NEW HAVEN, VT - Heavy rainfall brought flooding and damage to New Haven’s River Road and also washed unwanted sediments into the Lake Champlain watershed. The summer of 2006 brought six floods in a row. The town recognized the problem and searched for an affordable solution. Vermont’s Better Backroads Program seemed like the perfect answer.
When the town of New Haven, VT applied for a Better Backroads Grant in the fall of 2005, New Haven Road Foreman Philip Busier viewed the area targeted for improvement as a potential time bomb. The roadside between the intersections of East Street and River Road and Sumner Road and River Road was prone to undermining and washouts with every large rainfall.
Each of the two streets connecting with River Road have an eight to ten-percent grade, and the runoff was channeled over River Road and directly into the New Haven River, which flows into Otter Creek and then into Lake Champlain.
Vermont’s Better Backroads program works with towns, planning commissions, non-profits, and lake and watershed associations to correct road-related erosion problems to save towns’ road maintenance money and to reduce the impact from road-related erosion has on water quality through financial and technical assistance. In his “Clean and Clear Action Plan,” Vermont’s Governor Douglas identified the Better Backroads program as one of the solutions to reducing phosphorus levels in Lake Champlain.
More than 80 percent of Vermont’s roads are maintained by municipalities. The majority of these roads are gravel. Eroding road surfaces and ditches cost the municipalities money with each storm. Simple, cost-effective maintenance techniques can mitigate the hazards and save scarce town funds. Sediment accumulation is the greatest threat to water quality and fish habitat. Sediments carry phosphorus into surface waters, which results in algae blooms, excessive plant growth, and dissolved oxygen depletions.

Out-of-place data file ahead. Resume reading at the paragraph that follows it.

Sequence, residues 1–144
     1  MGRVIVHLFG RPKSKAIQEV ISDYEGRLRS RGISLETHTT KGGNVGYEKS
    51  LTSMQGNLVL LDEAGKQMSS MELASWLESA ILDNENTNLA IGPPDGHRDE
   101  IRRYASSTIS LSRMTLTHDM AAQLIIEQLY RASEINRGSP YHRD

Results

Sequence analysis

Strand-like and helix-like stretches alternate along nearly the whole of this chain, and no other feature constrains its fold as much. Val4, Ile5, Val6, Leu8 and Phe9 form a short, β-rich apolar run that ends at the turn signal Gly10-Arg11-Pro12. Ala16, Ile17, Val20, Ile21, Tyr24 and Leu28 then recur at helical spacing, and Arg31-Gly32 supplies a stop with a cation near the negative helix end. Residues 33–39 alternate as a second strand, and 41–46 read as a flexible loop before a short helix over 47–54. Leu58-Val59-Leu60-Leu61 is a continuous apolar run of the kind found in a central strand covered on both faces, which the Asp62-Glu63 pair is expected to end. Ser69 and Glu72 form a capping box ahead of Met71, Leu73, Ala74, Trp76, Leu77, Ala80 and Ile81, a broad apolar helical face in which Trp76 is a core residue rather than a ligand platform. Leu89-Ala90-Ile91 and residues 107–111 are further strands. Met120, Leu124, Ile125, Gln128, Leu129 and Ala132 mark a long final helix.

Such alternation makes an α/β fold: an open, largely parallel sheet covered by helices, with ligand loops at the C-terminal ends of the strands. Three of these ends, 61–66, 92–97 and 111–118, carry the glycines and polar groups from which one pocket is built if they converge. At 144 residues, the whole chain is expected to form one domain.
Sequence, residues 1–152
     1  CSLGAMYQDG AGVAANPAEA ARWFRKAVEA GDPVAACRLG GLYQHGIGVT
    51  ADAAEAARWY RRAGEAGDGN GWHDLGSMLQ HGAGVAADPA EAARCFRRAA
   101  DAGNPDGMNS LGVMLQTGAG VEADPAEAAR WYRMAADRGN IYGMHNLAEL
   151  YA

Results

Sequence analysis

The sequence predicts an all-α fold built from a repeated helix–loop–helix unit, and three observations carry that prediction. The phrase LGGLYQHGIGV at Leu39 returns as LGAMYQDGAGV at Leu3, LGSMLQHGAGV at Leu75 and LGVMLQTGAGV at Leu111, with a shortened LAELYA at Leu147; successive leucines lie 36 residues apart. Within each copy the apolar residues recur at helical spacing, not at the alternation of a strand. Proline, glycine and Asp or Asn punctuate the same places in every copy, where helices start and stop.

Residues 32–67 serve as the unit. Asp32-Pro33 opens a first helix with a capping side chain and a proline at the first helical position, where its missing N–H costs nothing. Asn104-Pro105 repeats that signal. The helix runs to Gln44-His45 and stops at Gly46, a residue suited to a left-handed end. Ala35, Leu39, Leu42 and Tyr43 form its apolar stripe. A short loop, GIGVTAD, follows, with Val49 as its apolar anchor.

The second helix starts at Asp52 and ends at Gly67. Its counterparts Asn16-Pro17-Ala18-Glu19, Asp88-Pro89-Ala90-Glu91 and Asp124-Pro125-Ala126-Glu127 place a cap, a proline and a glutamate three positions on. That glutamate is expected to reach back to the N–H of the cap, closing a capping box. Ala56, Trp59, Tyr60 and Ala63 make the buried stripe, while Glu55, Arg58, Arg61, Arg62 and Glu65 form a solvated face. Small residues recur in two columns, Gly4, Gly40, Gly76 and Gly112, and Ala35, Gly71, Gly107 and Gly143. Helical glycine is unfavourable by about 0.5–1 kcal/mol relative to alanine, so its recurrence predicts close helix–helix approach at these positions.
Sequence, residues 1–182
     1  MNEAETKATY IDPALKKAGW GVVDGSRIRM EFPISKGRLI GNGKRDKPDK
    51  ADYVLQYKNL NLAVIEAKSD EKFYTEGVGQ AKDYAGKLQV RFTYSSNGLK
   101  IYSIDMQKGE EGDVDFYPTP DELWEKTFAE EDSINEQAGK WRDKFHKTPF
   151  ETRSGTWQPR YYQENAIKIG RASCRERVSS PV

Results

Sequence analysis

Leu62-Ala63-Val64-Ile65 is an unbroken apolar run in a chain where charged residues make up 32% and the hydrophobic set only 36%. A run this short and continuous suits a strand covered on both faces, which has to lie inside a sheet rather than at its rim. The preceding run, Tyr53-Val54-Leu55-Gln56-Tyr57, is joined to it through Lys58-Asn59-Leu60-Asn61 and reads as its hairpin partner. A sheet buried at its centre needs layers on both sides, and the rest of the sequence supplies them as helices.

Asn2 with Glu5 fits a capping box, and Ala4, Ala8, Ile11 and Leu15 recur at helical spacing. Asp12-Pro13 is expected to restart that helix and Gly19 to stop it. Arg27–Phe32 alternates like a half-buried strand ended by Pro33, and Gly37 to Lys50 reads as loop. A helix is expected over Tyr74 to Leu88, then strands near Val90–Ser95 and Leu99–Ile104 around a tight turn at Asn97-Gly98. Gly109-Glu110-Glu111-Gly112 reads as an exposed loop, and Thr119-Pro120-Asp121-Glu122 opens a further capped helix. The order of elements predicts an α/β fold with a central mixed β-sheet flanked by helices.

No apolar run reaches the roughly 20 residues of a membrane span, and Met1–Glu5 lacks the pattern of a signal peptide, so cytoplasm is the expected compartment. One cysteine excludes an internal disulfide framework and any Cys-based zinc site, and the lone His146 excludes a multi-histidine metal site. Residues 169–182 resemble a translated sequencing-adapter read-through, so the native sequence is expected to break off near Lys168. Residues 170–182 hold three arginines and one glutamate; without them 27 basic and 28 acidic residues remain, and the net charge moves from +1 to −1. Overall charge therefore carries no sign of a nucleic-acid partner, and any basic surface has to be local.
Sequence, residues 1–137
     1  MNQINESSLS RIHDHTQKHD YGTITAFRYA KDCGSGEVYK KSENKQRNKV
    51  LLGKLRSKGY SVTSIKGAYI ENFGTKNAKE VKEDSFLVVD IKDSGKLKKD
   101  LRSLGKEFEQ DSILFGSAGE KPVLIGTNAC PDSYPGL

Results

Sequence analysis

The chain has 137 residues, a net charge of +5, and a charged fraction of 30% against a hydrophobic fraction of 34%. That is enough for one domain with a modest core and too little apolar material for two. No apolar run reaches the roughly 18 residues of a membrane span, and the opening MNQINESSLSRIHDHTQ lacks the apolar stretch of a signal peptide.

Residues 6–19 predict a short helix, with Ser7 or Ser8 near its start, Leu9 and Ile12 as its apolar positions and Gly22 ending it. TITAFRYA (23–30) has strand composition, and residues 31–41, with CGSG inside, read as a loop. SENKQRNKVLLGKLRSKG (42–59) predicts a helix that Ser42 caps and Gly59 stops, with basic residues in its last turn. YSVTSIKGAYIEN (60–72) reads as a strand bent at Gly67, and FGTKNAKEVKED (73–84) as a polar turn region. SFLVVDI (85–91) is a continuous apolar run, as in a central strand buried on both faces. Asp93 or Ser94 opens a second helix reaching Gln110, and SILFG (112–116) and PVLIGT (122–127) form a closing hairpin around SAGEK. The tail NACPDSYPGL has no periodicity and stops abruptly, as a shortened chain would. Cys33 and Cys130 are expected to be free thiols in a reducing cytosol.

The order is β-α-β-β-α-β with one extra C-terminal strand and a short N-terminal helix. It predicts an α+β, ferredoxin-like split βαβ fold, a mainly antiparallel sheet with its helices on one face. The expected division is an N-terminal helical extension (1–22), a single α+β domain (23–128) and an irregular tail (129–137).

With a $4,000 grant from Better Backroads, Busier began by soliciting community support. In the planning process he marked the town right-of-ways along the streets and held a meeting with the neighbors.
During the meeting, they discussed the project and addressed concerns. The main issues causing the erosion and runoff were a lack of ditches for adequate drainage and overgrown vegetation. One of the neighbors’ issues was the worry that the wild honeysuckle bushes on the roadside would be eliminated.
After the planning portion of the project, the next step taken was to provide traffic control and remove excess trees and other vegetation. Since other road workers were tied up in other projects, Busier single-handedly did the construction part of the project. He shaped the ditches to the desired profile to provide positive drainage. He also lined the ditch bottom with nonwoven geo-fabric to ensure soil stabilization and covered it with six to eight inches of rip-rap.
The project was approximately 350 feet long by 40 feet at the widest point. Engineers consulted for the project deemed the culvert adequate for flow. Only a four-and-a-half foot section needed to be added to the existing culvert length.
Although the bank next to the ditch was cut back to improve line-of-site for drivers at these intersections, many wild honeysuckle bushes were left in place, at the request of the neighbors. This resulted in an improvement to the ditches while maintaining a pleasing aesthetic.
The physical part of the project took only 15 days in October 2006 with Busier as the only worker. Not having to contract out the work provided the necessary local funding match with in-kind labor and saved the town thousands of dollars. The April and July 2007 Vermont flooding events missed the project area.
The project will undoubtedly be tested before long. “Now I won’t have to worry [when a big rain hits the project] because I have a dried out road base,” exclaimed Busier. He’ll be free to attend to other road issues in New Haven.
The New Haven Drainage Project was featured and praised in the June 2007 issue of “Vermont Local Roads News.” The Vermont Local Roads program is sponsored by the Vermont Agency of Transportation and the Federal Highway Administration. They provide information, advice and referrals to the cities, towns and villages of Vermont. Busier said that the “lessons learned through Vermont Local Roads workshops helped in the completion,” providing lasting mitigation.